Beware the "Cheater's High"!
Beating the Kick of Lying and Cheating
(Also known as the "Duper's Delight")
Good character going bad is like a beast escaping its cage; it will be hard to capture it again.– Israelmore Ayivor, leadership coach.
You'd probably react with shock if someone accused you of dishonesty. But can you say, hand on heart, that you've never been a little untruthful at work?
You may be surprised to learn that research has shown some people lie on average twice each day, and during as many as one in five social interactions. Worryingly, studies also show that people can actually get a buzz from some unethical behavior, rather than feel guilt. This has been described as the "cheater's high."
People behave dishonestly for different reasons. Anxiety, fear and pressure push some towards cheating and telling the occasional lie; others can be motivated by the potential for financial gain. More frequently, though, people may lie or cheat even when there's no tangible reward for doing so, just for the cheater's high.
In this article, we explore why some people chase the cheater's high, and we look at how to identify it and deal with it.
What Is the Cheater's High?
The cheater's high is an emotional boost, or thrill, that some people get when they successfully cheat or deceive another person or organization. The rush they enjoy can lead them to repeat their dishonesty, even when there's no reward other than the high itself. If there is anything remotely positive to take from this behavior, it is the finding that, in most cases, getting the high depends on their actions not directly harming anyone else.
The unethical or deceitful behavior of the cheater's high does not have to be severe or criminal. For example, it can be exaggerating your management experience in an interview, "borrowing" items from the stationery cupboard, or logging more hours than you actually worked.
Looking honestly at your own behavior, try to recall whether you have ever felt a buzz or a kick at getting away with a lie or some form of cheating. If you have, you've experienced the cheater's high.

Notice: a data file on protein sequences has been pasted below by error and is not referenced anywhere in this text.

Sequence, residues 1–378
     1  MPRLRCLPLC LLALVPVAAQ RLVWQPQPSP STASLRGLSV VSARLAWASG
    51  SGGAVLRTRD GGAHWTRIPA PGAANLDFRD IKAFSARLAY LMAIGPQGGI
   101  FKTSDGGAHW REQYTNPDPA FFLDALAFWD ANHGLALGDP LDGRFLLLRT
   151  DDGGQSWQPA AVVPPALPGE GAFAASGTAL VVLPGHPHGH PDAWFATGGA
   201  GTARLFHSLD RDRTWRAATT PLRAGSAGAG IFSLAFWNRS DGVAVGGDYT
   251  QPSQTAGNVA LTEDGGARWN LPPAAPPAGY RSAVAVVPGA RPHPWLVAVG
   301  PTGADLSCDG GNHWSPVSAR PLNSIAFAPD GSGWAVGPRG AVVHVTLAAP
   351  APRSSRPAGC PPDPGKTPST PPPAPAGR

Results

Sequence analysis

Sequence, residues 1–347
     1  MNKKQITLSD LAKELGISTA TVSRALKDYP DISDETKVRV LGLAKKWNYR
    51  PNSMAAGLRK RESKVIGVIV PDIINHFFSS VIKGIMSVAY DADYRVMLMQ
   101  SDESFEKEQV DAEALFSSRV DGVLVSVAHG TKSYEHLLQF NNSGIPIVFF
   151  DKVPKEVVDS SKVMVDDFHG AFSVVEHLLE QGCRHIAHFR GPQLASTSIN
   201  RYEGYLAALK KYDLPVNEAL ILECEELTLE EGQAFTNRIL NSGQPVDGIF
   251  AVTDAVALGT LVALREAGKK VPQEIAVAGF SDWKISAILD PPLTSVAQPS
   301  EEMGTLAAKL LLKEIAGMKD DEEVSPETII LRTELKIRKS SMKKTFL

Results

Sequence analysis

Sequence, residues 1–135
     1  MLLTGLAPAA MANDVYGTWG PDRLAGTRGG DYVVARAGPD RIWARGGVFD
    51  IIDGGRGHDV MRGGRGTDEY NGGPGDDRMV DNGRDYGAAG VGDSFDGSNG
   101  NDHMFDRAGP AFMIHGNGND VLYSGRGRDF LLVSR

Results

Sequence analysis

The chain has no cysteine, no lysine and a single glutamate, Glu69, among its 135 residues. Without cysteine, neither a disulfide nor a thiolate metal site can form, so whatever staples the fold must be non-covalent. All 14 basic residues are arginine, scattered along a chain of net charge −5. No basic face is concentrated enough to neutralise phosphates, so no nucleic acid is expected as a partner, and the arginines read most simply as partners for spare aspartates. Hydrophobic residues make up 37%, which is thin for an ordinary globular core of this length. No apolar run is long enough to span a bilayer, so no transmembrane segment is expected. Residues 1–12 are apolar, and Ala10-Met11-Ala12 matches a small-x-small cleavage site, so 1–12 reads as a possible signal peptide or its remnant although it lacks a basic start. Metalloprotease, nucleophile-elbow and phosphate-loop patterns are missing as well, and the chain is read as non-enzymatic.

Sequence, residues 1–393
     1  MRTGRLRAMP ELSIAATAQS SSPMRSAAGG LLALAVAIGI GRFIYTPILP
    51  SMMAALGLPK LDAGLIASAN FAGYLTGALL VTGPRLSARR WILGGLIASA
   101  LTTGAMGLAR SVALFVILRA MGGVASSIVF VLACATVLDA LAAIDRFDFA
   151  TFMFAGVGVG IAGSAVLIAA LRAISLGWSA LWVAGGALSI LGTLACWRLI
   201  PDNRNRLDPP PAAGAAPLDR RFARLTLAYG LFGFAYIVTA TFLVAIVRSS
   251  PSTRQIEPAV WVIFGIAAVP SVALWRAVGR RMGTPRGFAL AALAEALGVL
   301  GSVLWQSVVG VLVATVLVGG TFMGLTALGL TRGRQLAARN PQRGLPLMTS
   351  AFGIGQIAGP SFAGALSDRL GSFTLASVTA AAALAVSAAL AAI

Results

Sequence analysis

The high itself is more than just a superficial reaction to what you've done. Research shows that a chemical change takes place within your brain when it perceives a beneficial action taking place. Nerve cells release a shot of the neurotransmitter dopamine into the brain, which brings on pleasurable feelings of self-satisfaction. And this high is what can lead to a desire to repeat the behavior, sometimes to the point of addiction.
The action doesn't have to be something unethical; it can be anything beneficial, like meeting a friend for coffee or winning a new client. But if someone does think that he or she has successfully lied or cheated, this can trigger the same feelings that Ruedy et al call the cheater's high.
For some people, though, the rush becomes addictive and can lead to a vicious circle of destructive behavior that can impact reputations, damage workplace relationships, and even undermine careers. And because the root cause of the behavior could be anxiety about work, an intention to hide mistakes, or simple greed, the deceptions could, in extreme cases, put a team or organization's stability and security at risk. At this point, with the likelihood of others being harmed, the motivating factor stops being the high, and it's the bad behavior and its rewards that becomes addictive.
The motivational thrill can spread, too. If other people collaborate with a cheater, or gain from his misdeeds, they can share in the high. And as the rewards of cheating become more widely known, the cheating itself can become more widespread, too. This ripple effect can lead to an organizational culture that tolerates dishonesty. An organization functions best when everyone works together for a common cause but, if it fails to act on cheating or deception, relationships can suffer and serious behaviors like fraud and embezzlement can follow.
Dealing With the Cheater's High
There are three steps to tackling the issue: recognizing that the problem exists, identifying the tell-tale signs of dishonest behavior, and dealing with those behaviors.
Step 1. Recognizing the Cheater's High Exists
As a manager, you need to recognize that the issue exists and may be present within your team or organization. The first instances of dishonest behavior may stem from anxiety, fear or the chance of personal gain. But instead of the cheater feeling guilt, shame or regret at her actions, she may get a kick or a high. Once she feels that high, it can become the reason for future dishonesty.
Step 2. Identifying Dishonest Behavior
Identifying lying or cheating behavior is tricky. After all, the dishonest person is trying to prevent people from uncovering the truth.
Start by establishing a baseline for each of your team members. This should happen naturally, as you get to know them. For example, if you know how a team member speaks and acts when you discuss uncontentious topics and he's telling the truth, you're more likely to notice any changes in his speech or mannerisms when he is being deceitful.
Knowing how to interpret body language can be a useful skill. There are certain signs to look for that may suggest someone is not being truthful. For example, she may avoid facing you or swallow more frequently than usual. Her breathing may become heavy and audible, and she may display nervous tics such as touching her nose. Other clues include making sudden head movements when you ask direct questions, or gesturing angrily.